Monday, November 29, 2010

Cone Nebula Quilt - Part 3

I have completed the second section of the quilt, and I thought I would show you how I sew together a block so that I keep all of the pieces in order. This is especially critical in a quilt where there is not a regular pattern to the blocks. In other quilts I've made with the kaleidoscope block, I've only used three colors, and it's been easy to keep track of where I am. With this complicated design, I've had to get very systematic. So, I lay out a section of 15 blocks.

(This is seen from the right end of the section.) I use a specialty ruler to cut out the pieces. (The ruler is two floors away from this computer, and I'm not running upstairs to get the brand name. Any quilt shop or big-box craft store with a selection of rulers will probably offer these rulers.)

I start off by going through and sewing all of the corner triangles onto the long triangles.
Then I lay the solo triangles on top of its neighboring dual triangle.
I stack those in order and take them to the sewing machine.
I sew the pairs together and press the seams open. (I press most of my seams open, not to one side or other. This make for flatter seams, and it's easier for me to line up the seams when sewing units together.)
Then I sew together the pairs of triangles.
When I have two sets of pieces,
I sew the final seam in the block.

Then I start at the upper left of the section and sew together one block at a time, going row by row. I sew the blocks together as I complete them and sew the rows together as I sew them. Here is the second section, all sewn together.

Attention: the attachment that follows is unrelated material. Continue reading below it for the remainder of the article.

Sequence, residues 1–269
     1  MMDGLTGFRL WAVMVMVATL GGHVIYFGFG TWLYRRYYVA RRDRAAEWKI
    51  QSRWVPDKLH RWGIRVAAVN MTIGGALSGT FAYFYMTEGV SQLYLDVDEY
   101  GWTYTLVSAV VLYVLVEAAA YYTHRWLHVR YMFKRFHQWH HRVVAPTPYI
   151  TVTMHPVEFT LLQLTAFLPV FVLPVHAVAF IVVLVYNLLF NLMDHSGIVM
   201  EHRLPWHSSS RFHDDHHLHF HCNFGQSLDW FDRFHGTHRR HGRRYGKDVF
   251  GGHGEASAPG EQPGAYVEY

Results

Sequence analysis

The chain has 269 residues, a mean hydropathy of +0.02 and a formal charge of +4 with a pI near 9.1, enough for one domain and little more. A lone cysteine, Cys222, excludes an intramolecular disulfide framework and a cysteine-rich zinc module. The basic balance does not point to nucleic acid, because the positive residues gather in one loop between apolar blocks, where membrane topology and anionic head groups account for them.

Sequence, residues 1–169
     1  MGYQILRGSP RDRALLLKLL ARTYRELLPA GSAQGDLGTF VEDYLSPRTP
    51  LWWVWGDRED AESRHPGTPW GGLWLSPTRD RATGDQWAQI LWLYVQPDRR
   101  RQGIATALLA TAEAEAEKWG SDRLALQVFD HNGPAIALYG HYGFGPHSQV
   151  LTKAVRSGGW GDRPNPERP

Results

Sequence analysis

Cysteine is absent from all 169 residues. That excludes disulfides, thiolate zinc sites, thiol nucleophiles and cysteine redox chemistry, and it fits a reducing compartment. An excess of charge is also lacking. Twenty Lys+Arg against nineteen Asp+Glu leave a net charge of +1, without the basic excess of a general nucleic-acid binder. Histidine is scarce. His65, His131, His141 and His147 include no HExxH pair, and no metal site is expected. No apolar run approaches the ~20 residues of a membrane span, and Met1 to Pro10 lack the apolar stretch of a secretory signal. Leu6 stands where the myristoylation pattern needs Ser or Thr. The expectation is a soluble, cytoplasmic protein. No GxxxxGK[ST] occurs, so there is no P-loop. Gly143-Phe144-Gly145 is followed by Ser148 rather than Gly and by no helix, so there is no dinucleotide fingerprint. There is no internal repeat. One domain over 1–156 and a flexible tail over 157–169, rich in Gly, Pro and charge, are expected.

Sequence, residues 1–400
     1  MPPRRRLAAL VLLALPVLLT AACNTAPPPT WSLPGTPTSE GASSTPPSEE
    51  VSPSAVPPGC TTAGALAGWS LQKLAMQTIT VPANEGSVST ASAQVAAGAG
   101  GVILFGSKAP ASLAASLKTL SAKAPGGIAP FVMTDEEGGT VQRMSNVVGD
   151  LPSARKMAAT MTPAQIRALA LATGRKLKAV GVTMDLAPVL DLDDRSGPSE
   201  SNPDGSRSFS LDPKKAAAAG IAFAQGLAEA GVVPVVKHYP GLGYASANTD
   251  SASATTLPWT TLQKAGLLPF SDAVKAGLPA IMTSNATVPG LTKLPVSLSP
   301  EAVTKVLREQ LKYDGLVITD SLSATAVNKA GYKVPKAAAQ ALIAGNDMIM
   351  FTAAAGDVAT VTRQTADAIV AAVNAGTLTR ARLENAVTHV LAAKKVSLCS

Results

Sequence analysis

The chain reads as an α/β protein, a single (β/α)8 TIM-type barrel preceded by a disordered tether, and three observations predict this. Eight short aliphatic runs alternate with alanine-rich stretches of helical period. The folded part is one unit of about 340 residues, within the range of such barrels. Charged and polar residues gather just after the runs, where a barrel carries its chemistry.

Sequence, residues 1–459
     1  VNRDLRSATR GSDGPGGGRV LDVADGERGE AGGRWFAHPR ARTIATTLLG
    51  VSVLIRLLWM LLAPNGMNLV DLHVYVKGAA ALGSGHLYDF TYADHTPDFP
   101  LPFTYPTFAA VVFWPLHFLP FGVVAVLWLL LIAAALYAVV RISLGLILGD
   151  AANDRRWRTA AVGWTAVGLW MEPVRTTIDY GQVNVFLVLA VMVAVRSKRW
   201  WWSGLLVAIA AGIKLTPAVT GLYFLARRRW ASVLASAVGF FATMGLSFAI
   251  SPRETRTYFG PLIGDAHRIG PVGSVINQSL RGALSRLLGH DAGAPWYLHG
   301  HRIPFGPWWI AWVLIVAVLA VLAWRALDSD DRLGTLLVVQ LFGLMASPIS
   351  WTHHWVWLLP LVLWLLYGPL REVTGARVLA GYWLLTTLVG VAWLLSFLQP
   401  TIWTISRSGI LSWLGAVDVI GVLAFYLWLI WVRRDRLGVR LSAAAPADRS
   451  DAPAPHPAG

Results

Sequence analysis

As I was working yesterday afternoon, I was not the only one working in the sewing room. The Brat Cat, when she wasn't walking around on the table, moving my pieces around, was primping.
Meanwhile, Hubby Dearest and Princess Kitty were cuddling.
Here is a shot of the craftwork done by the kitties in the house (note the upper right corner of this picture) as well as the princess getting some extra attention from her favorite fellow.
Finally, this weekend, I made the family's fruitcakes. My mother started making fruitcakes in the mid-1960s, and when she died seven years ago, as the oldest daughter, I picked up the banner and am carrying it forward. Here's a shot of the prep (it took about three hours from the time I walked into the kitchen until the cakes went in the oven).
Here are some of the fruitcakes (if my sister sees this, please note that I used the "atomic" cherries; you and your daughter can stop hyperventilating about whether I'm ruining the family's Christmas).
Really, finally, here's Baby Boy being cute - which is what he does best.

Wednesday, November 24, 2010

Work in Progress Wednesday - #16

As I say every Wednesday, this is part of a ring sponsored by Tami, and she has lots of talented people taking part in this weekly check-in of crafty progress.

I want to start off by responding to a very interesting comment I got last week from Urban Exile (and if you haven't discovered her non-crafty blog, please be sure to read it; she has a lot of other interesting things to say).

No, Liz, I could not see you had started on the back. The abstract form I see before my eyes does not say jacket to me at all, and that only increases my admiration of your ability to hold the abstract concept of the jacket in your mind as you slowly construct it, knot-by-knot. Amazing.